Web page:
Urgent care centers seeing patient influx due to virus threat
Posted October 1, 2014
Raleigh, N.C. — Local urgent care centers say they are seeing a spike in parents bringing in children who they fear are showing symptoms of a highly contagious respiratory virus that has sickened at least 472 people across the United States, including at least six in the Tar Heel State.
The U.S. Centers for Disease Control and Prevention has confirmed the seasonal illness, Enterovirus D68, in 41 states and the District of Columbia, and although not generally considered to be life-threatening, health officials are investigating whether it was a factor in the deaths of at least three children elsewhere in the country.
"We have seen an influx in parents bringing in their kids," Dr. Sameer Maroof, a physician at Doctors Express in Cary, said Wednesday.
Maroof said parents are right to be concerned.
Enterovirus D68 is a severe virus that has symptoms that mimic allergies or the common cold, including a runny nose, chest congestion, fever and muscle aches.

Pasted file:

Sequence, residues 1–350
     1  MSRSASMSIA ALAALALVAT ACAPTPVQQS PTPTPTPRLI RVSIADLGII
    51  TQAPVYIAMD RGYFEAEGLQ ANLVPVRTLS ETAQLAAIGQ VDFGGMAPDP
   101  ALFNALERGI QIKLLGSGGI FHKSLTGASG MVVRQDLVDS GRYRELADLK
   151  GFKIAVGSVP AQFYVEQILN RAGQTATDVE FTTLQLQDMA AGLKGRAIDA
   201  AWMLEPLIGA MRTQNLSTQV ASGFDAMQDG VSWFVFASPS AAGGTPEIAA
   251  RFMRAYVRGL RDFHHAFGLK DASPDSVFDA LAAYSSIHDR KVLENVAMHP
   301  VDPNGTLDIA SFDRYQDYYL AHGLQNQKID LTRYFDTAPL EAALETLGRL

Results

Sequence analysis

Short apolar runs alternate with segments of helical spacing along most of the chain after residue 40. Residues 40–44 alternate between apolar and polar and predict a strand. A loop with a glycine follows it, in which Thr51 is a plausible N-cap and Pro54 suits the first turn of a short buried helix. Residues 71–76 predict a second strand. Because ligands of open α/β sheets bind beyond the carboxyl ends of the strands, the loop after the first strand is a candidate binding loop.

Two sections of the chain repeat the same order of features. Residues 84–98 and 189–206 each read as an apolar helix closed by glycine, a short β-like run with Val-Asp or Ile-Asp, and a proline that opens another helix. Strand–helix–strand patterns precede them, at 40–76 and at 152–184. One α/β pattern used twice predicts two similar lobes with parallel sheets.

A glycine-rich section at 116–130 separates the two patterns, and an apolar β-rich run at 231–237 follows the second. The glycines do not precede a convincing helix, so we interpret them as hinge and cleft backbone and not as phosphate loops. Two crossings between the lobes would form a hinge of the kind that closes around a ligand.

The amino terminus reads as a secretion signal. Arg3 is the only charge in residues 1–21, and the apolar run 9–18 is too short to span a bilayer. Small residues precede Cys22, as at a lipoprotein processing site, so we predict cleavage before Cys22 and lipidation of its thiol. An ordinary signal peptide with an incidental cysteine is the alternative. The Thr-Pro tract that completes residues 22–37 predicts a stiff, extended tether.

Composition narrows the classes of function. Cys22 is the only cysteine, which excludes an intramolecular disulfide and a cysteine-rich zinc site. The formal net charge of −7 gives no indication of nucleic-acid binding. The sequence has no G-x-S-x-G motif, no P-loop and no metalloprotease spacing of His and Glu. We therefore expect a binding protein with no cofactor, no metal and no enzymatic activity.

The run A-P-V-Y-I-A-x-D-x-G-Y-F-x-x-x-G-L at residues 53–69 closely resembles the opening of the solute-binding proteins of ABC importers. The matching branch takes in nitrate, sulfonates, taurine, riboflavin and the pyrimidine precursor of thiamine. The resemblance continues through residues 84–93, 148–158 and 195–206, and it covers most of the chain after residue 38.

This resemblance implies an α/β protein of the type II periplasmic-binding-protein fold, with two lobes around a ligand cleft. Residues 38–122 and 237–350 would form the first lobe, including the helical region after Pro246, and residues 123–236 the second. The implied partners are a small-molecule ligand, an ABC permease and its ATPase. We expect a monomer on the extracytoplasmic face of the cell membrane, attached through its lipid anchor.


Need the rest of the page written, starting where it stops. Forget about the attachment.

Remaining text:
The difference, Maroof said, is that patients' condition can get worse pretty quickly.
That has parents, like Lisa Marcotte, choosing to bypass doctor's appointments for more immediate diagnoses.
Marcotte recently became alarmed after her 9-year-old daughter, Sasha, started coughing, felt weak and had difficulty breathing.
"He didn't feel she had it," Marcotte said. "He almost told me that right off the bat, which was great because, for me, it was a relief."
Children with asthma appear to be more susceptible to the illness, and in some cases, people have experienced trouble breathing and wheezing, according to the CDC.
Dr. Allen Mask, a physician and medical consultant for WRAL News, said anyone with those symptoms, especially children, should get to a doctor right away.
The best way to help prevent the spread of Enterovirus D68, he said, is to practice good hygiene.
That means frequent, vigorous hand-washing, disinfecting surfaces, such as door knobs and tables, staying home and avoiding close contact with others when sick.
Enterovirus isn't new.
The North Carolina Department of Health and Human Services says there are more than 100 types of enteroviruses and that they account for 10 million to 15 million infections across the U.S. each year.